By: Dennis Bates
Don’t get me wrong, I love working from home. Even though I have a second office where I do some consulting, the majority of my work is done at a table in the corner of my basement. You would think I would be safe there and free from distraction. That is not always the case.
First, the upside. I have two basic outfits, one for winter and one for summer. My winter outfit consists of a sweat suit (I own five) and a pair of slippers. I have an elaborate rotation system for them which is much more detail than I need to get into here. My summer wardrobe consists of several pair’s of shorts and a drawer full of T shirts from various sources. All of them match my flip flops perfectly, although those of you who are really fashion conscious would quickly point out that I wear slides, not flip flops.
Also, coffee is readily available, I have a private bathroom, and I can take my breaks anytime I want to. I have no time clock or office supervisor who thinks he’s one. I eat lunch when I’m hungry, not when I’m scheduled to and I shower when the mood strikes me which is usually when even I can’t stand myself anymore. A lot of the times that happens mid afternoon. If I remember something that I need to do, I just get up and do it. I don’t need permission and I don’t have to wait until after work or the weekend. Every day is after work or the weekend. As a friend of mine says, the only thing you have to remember is that the big paper comes on Sunday.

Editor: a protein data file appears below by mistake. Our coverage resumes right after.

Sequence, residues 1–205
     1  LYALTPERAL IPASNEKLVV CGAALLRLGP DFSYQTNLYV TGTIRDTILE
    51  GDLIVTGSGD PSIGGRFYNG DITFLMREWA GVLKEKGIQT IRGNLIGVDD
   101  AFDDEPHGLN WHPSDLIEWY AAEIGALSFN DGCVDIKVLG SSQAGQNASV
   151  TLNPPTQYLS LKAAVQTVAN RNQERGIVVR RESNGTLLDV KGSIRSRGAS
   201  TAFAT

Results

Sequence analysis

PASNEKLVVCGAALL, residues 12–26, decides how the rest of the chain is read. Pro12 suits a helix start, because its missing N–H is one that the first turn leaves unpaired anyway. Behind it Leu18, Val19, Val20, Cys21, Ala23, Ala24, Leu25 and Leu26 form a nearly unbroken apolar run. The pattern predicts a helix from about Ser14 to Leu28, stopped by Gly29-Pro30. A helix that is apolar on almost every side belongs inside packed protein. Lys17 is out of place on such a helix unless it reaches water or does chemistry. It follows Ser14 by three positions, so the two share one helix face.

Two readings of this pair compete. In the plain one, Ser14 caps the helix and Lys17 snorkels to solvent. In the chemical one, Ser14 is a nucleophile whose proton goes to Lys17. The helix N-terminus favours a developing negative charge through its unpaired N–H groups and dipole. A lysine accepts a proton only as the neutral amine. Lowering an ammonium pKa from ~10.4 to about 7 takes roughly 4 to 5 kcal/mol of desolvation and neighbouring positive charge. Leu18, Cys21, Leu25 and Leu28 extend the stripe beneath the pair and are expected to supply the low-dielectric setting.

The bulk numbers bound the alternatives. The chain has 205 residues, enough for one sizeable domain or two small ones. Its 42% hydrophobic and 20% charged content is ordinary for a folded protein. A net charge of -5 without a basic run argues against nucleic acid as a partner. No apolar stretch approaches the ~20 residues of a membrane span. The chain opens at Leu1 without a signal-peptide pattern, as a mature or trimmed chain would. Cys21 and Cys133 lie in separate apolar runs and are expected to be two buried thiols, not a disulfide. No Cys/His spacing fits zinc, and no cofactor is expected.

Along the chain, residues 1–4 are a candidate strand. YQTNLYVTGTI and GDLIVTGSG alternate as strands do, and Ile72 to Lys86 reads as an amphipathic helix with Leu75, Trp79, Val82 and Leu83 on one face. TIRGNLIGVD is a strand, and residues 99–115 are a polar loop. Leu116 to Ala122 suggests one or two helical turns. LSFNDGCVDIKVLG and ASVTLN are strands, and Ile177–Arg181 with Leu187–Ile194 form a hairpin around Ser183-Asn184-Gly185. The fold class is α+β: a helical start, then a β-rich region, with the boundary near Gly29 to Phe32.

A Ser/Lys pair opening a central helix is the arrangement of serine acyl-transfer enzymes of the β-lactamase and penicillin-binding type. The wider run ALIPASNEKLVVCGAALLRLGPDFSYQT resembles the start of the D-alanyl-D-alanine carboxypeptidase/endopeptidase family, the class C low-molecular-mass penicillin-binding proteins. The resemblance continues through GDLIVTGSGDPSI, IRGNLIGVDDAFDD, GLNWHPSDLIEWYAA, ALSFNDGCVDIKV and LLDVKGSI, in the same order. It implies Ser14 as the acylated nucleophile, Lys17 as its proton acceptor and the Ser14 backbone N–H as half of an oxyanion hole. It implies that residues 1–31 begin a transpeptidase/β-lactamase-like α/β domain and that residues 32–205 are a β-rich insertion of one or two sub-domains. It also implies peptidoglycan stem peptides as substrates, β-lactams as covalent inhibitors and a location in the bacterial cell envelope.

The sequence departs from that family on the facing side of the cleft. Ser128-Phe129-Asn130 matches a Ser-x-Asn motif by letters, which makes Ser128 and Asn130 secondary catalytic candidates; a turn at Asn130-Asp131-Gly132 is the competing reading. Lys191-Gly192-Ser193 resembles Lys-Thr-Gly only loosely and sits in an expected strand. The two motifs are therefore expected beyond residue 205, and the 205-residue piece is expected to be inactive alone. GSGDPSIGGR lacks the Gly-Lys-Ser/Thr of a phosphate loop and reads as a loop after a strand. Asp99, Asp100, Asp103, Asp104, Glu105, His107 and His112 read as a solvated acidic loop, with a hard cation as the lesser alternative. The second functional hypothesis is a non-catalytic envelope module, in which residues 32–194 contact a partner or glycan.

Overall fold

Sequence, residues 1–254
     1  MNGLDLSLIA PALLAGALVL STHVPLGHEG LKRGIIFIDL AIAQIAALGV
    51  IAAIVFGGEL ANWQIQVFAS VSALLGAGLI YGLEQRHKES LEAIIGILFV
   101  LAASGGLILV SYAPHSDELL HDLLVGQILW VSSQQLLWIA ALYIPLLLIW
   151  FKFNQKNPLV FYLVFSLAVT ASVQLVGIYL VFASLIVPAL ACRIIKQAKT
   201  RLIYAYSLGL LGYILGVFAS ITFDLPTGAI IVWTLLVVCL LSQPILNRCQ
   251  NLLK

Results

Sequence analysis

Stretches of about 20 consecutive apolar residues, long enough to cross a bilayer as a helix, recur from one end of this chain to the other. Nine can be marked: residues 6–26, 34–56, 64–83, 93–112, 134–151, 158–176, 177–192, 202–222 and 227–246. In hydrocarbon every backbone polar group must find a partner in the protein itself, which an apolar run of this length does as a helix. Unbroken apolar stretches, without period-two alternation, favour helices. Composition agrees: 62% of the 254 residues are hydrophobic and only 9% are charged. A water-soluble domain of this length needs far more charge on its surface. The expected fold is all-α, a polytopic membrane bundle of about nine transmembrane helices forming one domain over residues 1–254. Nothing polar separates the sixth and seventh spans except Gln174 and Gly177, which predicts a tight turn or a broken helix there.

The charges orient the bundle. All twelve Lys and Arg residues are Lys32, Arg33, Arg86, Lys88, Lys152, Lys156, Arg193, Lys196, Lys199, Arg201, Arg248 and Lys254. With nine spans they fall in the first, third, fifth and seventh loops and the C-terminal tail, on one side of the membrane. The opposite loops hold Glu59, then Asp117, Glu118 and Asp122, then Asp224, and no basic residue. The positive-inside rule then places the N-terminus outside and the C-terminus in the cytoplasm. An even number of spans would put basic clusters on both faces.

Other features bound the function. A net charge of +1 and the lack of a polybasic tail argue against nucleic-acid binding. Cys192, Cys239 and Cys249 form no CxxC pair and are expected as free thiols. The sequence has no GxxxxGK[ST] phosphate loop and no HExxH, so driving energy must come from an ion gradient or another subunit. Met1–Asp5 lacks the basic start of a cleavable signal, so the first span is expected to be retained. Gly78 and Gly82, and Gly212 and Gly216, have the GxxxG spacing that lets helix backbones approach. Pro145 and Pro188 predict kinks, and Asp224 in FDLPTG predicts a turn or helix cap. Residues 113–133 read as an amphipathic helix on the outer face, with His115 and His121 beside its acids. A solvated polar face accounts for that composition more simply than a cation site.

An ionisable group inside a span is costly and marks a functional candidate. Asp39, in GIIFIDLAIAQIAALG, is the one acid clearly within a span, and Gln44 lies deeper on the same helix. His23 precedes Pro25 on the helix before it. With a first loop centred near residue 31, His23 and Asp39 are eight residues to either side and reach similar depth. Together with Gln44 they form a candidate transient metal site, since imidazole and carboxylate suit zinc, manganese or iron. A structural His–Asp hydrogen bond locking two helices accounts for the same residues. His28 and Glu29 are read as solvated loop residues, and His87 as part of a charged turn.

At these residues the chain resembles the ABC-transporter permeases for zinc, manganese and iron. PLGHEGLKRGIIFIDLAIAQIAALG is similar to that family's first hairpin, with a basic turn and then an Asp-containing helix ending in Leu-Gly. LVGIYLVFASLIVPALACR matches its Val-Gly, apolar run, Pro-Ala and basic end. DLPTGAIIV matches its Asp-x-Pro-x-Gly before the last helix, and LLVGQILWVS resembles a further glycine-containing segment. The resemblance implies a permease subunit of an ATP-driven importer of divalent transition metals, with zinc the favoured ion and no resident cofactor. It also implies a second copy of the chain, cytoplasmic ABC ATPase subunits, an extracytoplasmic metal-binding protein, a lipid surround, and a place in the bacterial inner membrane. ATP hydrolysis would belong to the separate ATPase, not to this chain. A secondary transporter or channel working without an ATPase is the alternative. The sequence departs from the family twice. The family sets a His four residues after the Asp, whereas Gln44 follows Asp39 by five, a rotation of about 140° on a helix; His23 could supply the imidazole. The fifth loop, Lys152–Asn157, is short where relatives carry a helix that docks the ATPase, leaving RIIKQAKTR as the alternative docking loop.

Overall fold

So, what could possibly be wrong with this? Maybe wrong isn’t the right way to look at it, especially when it’s my wife, daughter and to some degree my friends who are involved. How do I say this delicately? There are distractions when you work at home and sometimes it seems as if those distractions work together almost as if they are part of a conspiracy to frustrate you.
Granted, some days are worse than others, but the consensus seems to be that a person working from home doesn’t really have a job; therefore, they don’t really work. To some degree that problems exists for everyone who works from home, but for those of us who write, it is especially bad. As writers know, much of our time is spent pondering the greater truths of our day, or imagining the details of the next scene in the endless Saturday afternoon matinee that passes for thought in most writer’s heads.
We are not day dreaming; we are creating. Why is that so hard to understand? We need large blocks of time strung together without interruption so that we can make all the characters in our mental soap operas behave. Who knows what they might do if we didn’t keep our thoughts focused on their every movement, sigh and desire?
So when your spouse says, “Honey, you seem to be taking a break. I need to run something by you; it will only take a minute,” it really is hard to keep from screaming. Sometimes even if they just walk through the room it is enough to take you out of that moment you spent so much time finding. “Sorry,” doesn’t help. Now you have to hunt for that moment again and hope you can find it. No matter how good a spouse’s intentions are, or how innocent, those interruptions are like serial killers for all those creative thoughts you need to have.
Then, just when you get going and are about to jump your story to hyperspace, some kitchen Klingon shouts, “Diner’s ready, Dear. Bring up some bottled water from the frig down there will you?” It’s not their fault…really…but it does make you wish you could just have Scottie beam you up for a day or two so you could get something done.